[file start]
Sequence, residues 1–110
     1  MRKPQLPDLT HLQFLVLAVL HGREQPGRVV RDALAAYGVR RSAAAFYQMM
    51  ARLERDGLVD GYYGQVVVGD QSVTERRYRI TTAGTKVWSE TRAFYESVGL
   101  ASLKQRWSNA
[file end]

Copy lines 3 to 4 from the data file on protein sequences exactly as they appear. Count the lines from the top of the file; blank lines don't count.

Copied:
    51  ARLERDGLVD GYYGQVVVGD QSVTERRYRI TTAGTKVWSE TRAFYESVGL
   101  ASLKQRWSNA